This essay originally appeared in the October, 2005 issue of Tirumala Tirupati Devasthanams’ illustrated monthly ‘Sapthagiri’.
“The Vedic philosophy encompasses the oldest spiritual texts of any religion in the world, and its subjects are broad and numerous. Its more advanced concepts can be difficult for even the greatest scholars to fathom. The Vedic literature discusses many types of philosophical viewpoints, and studying some of them will let us see that many of the concepts that we accept as new today are nothing more than parts of the ancient Vedic knowledge that had been dealt with and thoroughly understood thousands of years ago. Thus, there are not many ideas that are really new at all. The main purpose of the Vedic literature is to establish knowledge of the Absolute Truth and the process for attaining the highest levels of self-realization”. – Stephen Knapp
Thus a study of the Vedas is nothing but a search for the Truth, nothing but understanding ourselves, nothing but to know why we are born in this world and where we will be going when we drop this physical body. The purpose of the study is to discover and understand the truth behind the phenomenal universe and human existence. According to our ancient wisdom this study is a joint venture between the student and the teacher with full mutual trust and goodwill to find out an answer to the fundamental question of the purpose of our existence.
Dr.Radhakrishnan says that the Vedas are the earliest documents of the human mind that we possess. They are the most ancient literary monuments of the human race.
The word ‘Veda’ means to know implying that the subject of the Vedas is Knowledge. Here knowledge does not mean facts about the external world like physics or chemistry. It means the knowledge of the eternal, sacred, spiritual wisdom. It is about the nature of man himself. It tells him who he really is. It is the knowledge of the changeless and Supreme Reality behind the ever changing objective world of men and matter.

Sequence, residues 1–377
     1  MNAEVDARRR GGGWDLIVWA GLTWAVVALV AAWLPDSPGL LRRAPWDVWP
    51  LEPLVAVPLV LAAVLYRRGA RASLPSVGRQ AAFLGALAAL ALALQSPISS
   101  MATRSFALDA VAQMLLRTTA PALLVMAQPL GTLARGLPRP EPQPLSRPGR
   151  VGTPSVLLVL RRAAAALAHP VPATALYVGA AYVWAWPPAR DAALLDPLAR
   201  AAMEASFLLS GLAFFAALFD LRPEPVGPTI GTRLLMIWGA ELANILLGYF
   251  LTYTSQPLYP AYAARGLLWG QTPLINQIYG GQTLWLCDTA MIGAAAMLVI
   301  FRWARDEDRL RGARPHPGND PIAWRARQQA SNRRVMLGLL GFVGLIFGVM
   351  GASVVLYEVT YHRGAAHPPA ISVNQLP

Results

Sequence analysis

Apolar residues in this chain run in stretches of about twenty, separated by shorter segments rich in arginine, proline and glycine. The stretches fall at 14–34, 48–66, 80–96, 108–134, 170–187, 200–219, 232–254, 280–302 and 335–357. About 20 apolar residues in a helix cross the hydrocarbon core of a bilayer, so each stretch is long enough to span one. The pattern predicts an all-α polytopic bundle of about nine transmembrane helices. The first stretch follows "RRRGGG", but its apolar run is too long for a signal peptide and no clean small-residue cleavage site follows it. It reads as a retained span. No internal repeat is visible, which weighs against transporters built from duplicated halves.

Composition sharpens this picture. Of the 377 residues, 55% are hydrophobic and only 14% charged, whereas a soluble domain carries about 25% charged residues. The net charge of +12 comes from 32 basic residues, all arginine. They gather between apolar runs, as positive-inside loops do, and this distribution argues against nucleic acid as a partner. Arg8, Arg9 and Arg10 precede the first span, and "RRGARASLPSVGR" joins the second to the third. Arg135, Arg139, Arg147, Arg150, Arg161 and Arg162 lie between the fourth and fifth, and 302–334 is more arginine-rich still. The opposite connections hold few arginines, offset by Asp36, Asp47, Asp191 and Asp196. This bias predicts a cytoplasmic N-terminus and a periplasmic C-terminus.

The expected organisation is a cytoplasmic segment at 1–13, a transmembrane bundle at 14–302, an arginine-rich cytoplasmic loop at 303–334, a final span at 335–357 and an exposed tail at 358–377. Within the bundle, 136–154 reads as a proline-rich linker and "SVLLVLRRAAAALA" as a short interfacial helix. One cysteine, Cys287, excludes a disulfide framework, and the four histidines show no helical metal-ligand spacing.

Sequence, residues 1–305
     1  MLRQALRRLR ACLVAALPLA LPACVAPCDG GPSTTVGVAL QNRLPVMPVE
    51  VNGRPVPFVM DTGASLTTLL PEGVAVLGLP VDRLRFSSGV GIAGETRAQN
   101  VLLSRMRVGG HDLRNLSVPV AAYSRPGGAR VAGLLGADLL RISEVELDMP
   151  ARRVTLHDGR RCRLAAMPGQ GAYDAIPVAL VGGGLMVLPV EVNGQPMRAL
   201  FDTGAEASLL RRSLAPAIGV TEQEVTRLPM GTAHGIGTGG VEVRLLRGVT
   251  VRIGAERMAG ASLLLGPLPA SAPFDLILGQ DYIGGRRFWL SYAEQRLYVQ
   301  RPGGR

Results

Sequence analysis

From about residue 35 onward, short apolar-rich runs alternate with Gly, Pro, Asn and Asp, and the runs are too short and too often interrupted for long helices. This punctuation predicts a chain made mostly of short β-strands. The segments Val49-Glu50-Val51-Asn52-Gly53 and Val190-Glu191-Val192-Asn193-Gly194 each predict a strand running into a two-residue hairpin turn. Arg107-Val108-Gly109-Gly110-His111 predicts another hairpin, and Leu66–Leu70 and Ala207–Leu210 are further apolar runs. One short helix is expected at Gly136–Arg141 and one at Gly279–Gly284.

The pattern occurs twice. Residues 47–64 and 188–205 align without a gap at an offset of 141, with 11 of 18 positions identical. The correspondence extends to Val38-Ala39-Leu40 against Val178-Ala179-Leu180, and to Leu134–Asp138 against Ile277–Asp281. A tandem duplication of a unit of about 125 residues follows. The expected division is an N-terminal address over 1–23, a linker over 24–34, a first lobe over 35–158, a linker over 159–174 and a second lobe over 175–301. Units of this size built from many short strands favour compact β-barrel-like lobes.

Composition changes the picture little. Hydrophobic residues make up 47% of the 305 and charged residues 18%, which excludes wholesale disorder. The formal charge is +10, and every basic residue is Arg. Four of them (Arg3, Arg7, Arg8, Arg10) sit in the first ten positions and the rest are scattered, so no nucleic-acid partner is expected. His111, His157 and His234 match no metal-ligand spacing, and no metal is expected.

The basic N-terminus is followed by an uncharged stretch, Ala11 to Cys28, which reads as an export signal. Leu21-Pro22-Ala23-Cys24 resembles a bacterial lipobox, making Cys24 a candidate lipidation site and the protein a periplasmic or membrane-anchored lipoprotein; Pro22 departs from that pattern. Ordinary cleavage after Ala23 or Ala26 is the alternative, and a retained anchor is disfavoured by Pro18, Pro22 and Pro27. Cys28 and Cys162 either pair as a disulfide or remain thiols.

The texts containing this knowledge have no authorship, no time frame within which they had been authored. They are called ‘Apaurusheya’ meaning that they are not authored by any Purusha or human mind. They were revealed to the Rishis or Seers - the Drashtas, men of wisdom, during the depths of their meditation. These sages were merely the instruments of God to spread His words.
Their utterances were called ‘Mantras’ which were not the result of any intuition but were the result of Divine Vision which is called ‘Mantra Drishti’. Their inner and outer meanings were really known only to those to whom they were revealed. Hence none can challenge them on grounds of reason or logic. There is no final authority beyond the Vedas; in today’s management jargon the buck stops at the table of the Vedas.
The Upanishads form perhaps the most important part of the Vedas on which the edifice of the ‘Shad Darshanas’ or the six systems of the Hindu Philosophy have been built up. The mystical teachings of the Upanishads are the essence of the Vedic Hindu Religion and Philosophy. The Upanishads are the crest jewels - choodamani – of the Vedas.
Historicity and Preservation of the Vedas
The modern researchers are still struggling to fix up the exact period of the Vedas and there is no final conclusion as yet. Their conclusions differ as widely as 25000 years B.C. to 1000 years B.C. However, the general consensus among most of the Indian scholars is to consider the Mohenjadaro-Harappa culture i.e. about 3000 B.C. to be the later phase of Vedic culture. This brings us to conclude that the date of the Rig-Veda, considered as the earliest in human history, is around 10,000 B.C.
The words ‘Drshti’ and ‘Sruti’ – seeing and hearing, used in describing the Vedas signify their very basic revelatory nature. For several centuries, the Vedas had to be committed to memory and were passed on orally from generation to generation. As they were preserved to posterity through hearing they are termed as ‘Sruti’, what is heard. Without the use of writing a fool-proof method was used to chant each Mantra in various patterns and combinations such as Pada Patha, Krama Patha, Jata Patha and Ghana Patha to prevent any errors creeping into the Vedas. The modes of chanting prescribe the basics like how much time one has to take for reciting a word, how to regulate breathing while reciting so that required vibrations are produced in the specific parts of the body which will yield pure word-sound.